They're both flawed characters whose negative qualities are largely shaped by the culture they grew up in.



Few television characters have the ability to inspire such universal disdain as Mad Men's Betty Francis. From her questionable approach to parenting to her vindictive, childish attitude, it's no surprise Betty is the character fans most love to hate.

When it comes to her ex-husband, however, it seems fans just can't get enough.

Despite his chronic womanizing, rampant alcohol abuse, and social prejudices, viewers have no problem sweeping Don's imperfections under the rug. Of course he cheats on his wife. Everybody was cheating on his wife. Drinking to the point of oblivion on noon on a Monday? Sounds like a typical day at the office in 1960s America. And how about overt sexism, anti-Semitism and a general selfishness? Well, that's just how things were back then. It was a different era.

Why doesn't this excuse also apply to Betty? Like Don, she also embodies a postwar archetype—the quintessential white, upper-middle-class suburban housewife, who is polite and poised on the surface but carries looming anxiety and frustration underneath. Shouldn't viewers cut her some slack, too?

Let's say we do just that—evaluate Betty through the same historical lens as we do Don. How do the two stack up?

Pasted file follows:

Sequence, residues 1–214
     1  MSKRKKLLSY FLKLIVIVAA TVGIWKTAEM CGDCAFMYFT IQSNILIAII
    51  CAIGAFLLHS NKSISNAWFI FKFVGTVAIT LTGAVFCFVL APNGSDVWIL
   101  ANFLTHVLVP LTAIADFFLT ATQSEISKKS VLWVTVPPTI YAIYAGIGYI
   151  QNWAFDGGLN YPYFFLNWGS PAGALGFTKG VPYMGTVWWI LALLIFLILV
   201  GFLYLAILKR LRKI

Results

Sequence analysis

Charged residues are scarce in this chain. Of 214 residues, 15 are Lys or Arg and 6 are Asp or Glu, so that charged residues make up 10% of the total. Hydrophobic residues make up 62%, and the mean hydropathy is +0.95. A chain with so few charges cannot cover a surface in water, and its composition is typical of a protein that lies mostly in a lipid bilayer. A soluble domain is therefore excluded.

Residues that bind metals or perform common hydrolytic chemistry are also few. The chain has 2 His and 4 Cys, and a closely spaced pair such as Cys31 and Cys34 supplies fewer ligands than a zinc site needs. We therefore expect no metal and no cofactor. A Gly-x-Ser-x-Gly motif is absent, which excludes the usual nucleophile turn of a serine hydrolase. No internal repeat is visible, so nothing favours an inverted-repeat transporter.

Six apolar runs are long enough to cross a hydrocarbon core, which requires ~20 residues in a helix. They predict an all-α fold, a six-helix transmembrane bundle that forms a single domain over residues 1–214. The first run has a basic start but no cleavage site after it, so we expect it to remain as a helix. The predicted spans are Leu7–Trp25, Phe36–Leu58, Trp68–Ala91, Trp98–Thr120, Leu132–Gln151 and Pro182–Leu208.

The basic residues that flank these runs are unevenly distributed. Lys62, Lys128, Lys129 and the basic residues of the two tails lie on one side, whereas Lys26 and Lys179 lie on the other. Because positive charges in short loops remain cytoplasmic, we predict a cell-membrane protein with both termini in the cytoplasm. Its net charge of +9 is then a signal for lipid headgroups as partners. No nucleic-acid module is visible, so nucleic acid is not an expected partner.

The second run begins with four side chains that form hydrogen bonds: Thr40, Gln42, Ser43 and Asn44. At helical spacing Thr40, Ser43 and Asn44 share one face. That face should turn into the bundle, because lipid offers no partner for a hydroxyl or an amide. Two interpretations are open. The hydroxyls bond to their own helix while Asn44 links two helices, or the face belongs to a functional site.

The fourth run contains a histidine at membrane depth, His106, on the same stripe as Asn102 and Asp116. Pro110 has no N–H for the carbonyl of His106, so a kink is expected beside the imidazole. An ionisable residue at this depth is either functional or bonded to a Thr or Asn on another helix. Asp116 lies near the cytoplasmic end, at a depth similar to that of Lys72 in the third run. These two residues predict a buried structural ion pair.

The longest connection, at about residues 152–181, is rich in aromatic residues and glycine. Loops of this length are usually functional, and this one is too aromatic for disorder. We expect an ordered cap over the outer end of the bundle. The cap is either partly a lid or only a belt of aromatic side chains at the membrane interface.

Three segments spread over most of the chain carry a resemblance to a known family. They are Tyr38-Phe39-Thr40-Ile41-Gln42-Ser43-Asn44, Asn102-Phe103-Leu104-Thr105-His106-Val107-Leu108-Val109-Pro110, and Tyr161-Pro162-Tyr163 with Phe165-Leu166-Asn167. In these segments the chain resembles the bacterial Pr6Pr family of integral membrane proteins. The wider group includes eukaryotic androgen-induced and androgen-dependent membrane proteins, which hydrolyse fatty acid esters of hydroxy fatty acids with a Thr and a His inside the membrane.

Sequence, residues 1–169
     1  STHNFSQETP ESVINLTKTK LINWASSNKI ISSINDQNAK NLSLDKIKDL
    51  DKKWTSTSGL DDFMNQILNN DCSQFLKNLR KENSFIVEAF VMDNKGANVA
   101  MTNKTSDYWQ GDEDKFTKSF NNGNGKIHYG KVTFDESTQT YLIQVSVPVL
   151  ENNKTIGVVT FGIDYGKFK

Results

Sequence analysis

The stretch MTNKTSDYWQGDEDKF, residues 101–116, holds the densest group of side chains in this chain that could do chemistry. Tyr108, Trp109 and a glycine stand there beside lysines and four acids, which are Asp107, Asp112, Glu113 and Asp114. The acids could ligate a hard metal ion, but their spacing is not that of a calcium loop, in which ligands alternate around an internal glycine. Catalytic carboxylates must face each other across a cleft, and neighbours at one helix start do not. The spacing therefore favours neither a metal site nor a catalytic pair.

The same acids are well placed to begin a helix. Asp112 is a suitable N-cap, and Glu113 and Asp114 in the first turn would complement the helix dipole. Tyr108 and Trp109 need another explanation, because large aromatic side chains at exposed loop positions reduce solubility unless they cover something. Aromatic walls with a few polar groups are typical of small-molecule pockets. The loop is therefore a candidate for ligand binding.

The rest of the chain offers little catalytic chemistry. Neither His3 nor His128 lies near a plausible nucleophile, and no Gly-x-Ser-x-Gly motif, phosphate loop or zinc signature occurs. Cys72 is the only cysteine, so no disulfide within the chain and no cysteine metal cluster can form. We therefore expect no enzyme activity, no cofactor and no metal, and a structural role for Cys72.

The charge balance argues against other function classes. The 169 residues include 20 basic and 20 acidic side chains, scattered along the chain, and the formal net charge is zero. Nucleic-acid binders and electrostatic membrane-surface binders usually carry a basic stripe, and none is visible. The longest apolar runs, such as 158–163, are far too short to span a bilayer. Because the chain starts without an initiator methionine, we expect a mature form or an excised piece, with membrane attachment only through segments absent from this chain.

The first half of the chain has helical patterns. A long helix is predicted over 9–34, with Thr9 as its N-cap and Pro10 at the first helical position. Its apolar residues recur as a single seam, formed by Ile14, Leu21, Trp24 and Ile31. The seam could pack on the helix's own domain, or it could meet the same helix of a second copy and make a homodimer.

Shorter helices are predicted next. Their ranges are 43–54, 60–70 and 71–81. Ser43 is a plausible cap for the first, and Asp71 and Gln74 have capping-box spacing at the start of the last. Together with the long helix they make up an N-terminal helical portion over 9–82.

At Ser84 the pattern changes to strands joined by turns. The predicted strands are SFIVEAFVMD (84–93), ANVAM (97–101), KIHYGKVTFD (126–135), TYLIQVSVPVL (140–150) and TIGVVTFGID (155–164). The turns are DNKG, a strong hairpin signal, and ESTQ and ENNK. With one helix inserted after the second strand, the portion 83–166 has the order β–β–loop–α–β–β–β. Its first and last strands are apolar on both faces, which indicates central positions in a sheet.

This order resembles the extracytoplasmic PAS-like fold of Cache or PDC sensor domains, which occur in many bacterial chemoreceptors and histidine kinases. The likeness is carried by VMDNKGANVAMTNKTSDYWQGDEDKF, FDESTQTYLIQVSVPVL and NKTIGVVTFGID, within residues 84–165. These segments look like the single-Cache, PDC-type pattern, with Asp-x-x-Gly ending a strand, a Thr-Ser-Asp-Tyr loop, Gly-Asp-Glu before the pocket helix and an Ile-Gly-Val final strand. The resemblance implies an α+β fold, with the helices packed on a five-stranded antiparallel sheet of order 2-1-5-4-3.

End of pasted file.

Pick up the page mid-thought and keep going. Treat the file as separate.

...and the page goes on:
Social Views

For a show that uses the social transformation of the 1960s as a backdrop, very few of Mad Men's characters truly push conventional boundaries—Betty being the most obvious example. As part of a generation of woman who traded a career for a life at home, Betty is a staunch believer in the nuclear family supported by a male breadwinner to the point where any alternative lifestyle that deviates from this norm is instantly suspect - or worse, pitied (ironic, given her own divorce at the end of season 3). Betty also carries many of the social prejudices of the time, such as a homophobia, elitism, and apathy (borderline hostility) towards African-Americans.

Don isn't much better. While he is more forward-thinking than most men of his era (cough, Roger), he is still carries many of the social prejudices of the time. In addition to racism, anti-Semitism, and homophobia, hardly an episode goes by without him muttering a sexist remark.

Yet what's notable is that Don is often able to look past these prejudices—at least when it makes business sense. A child of the Dustbowl, Don learned the value of hard work at a young age, which is why he has little sympathy for attitudes of entitlement (something he views as the equivalent to laziness). He'd rather work with an ambitious woman like Peggy than an entitled man like Pete any day, which makes him an anomaly in1960s America.